“We have nothing but apprehension since such a vehemently anti-Japanese president has won.”
Those close to Japanese Prime Minister Shinzo Abe lamented on the night of May 9th when Moon Jae-in won the South Korean Presidential Election. Even the Japanese government had expected Moon’s win as he was popular enough in pre-election polls, the news was a big deal for Japanese leaders.
Moon is a veteran of tattletale diplomacy. He was the closest aide to Roh Moo-hyun, the most left-wing president in South Korean history, known for fanning the flames of anti-Japanese sentiment over historical issues. Post inauguration, Roh exhibited a positive attitude toward building better relations with Japan, but was soon unable to conceal his vehement anti-Japanese position.
Abe recalls that, during his first administration, Roh abruptly began an address at an international conference with “Is Japan even qualified to criticize the issue of North Korean abductions?” — completely out of context.
In his first meeting with United States Defence Secretary Donald Rumsfeld, Roh declared that “Japan is the virtual enemy of Japan.” He was known to have annoyed Rumsfeld by preaching endlessly about historical issues with Japan.
In July of 2006, in the waters off Takeshima Island (Okinoshima-cho, Shimane Prefecture), an island illegally occupied by South Korea, Roh caused a volatile situation. He permitted “lethal fire” (designed to sink a vessel) on a Japan Coast Guard Patrol ship, which was conducting surveillance on a Korean research vessel doing a survey on ocean current .
Roh announced that he would “not hesitate to conduct a tough diplomatic war” and outlined a “new Japan-policy doctrine.” At the same time, he introduced a new campaign involving continually raising Japan-related historical issues at international events, such as the United Nations.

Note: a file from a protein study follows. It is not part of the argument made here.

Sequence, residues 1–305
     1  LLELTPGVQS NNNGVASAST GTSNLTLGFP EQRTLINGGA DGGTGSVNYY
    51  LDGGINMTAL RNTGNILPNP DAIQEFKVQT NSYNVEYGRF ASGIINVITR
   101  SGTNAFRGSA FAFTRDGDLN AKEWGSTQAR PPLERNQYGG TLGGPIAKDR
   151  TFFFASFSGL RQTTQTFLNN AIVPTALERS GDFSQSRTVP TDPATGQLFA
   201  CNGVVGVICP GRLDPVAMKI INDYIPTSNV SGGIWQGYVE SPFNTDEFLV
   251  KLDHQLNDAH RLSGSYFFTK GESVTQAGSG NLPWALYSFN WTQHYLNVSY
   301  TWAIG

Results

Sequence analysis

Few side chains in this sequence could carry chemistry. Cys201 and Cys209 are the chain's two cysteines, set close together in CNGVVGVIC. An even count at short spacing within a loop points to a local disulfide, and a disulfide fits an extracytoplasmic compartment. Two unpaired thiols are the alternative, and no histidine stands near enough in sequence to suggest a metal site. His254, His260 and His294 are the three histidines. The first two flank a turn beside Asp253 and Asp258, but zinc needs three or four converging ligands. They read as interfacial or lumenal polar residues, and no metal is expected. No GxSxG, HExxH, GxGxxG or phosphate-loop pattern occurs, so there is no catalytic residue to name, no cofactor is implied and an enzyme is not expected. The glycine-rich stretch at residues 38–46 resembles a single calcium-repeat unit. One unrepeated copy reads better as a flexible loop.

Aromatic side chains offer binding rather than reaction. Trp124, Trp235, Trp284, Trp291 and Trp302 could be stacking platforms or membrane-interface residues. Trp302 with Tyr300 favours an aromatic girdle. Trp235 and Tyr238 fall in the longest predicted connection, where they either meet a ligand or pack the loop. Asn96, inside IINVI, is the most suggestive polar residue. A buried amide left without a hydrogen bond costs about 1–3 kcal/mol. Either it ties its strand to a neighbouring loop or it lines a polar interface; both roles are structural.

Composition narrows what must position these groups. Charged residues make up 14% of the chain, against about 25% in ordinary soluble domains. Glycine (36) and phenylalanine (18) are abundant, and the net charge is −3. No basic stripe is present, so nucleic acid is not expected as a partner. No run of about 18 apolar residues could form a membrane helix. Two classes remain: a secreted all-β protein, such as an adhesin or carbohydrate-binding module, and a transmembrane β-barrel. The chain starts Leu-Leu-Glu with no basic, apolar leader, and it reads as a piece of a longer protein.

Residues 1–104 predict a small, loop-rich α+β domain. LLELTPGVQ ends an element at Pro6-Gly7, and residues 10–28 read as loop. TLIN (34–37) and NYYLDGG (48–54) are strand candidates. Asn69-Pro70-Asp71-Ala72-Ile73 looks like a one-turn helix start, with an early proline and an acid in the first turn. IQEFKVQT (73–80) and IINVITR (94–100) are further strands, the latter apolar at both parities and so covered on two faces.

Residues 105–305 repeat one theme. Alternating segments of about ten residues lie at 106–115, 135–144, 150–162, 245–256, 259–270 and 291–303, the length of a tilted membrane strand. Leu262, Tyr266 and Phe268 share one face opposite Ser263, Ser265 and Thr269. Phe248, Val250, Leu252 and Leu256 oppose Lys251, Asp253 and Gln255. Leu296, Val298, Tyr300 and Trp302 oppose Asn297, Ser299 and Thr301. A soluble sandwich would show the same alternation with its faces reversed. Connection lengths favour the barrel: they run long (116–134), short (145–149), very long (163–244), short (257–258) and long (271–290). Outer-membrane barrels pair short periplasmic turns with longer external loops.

The fierce criticism of Yasukini Shrine visits by Japanese Prime Ministers and cabinet officials began during Roh’s presidency, having previously been quietly observed at an official level.
“Clearing out of the Japanophiles”
President Roh’s policy toward Japan is related to the continued condescension faced by Japan in international circles as part of the history issues campaign. To that extent, one cannot take it lightly when Moon, following in the footsteps of Roh, says, “If I win this Presidency, I will clear out the Japanophiles.”
Last July, Moon visited Takeshima (Okinoshima-cho, Shimane Prefecture). As one of his election campaign promises, he promoted the renegotiation of the Japan-South Korea Comfort Women Issue Agreement. In January of this year , he visited the Comfort Women Statue located in front of the Japanese Consulate in Busan, saying, “We will maintain interest in this issue, so as not to let the statue be lonely.”
Nevertheless, the Japanese government is immune to these kind of irrational responses from South Korea. They are not merely watching Moon’s anti-Japanese campaign with trepidation, since, as a senior official has said, “It doesn't matter who becomes president, the anti-Japanese rhetoric remains the same.”
The 1-Billion-Yen Settlement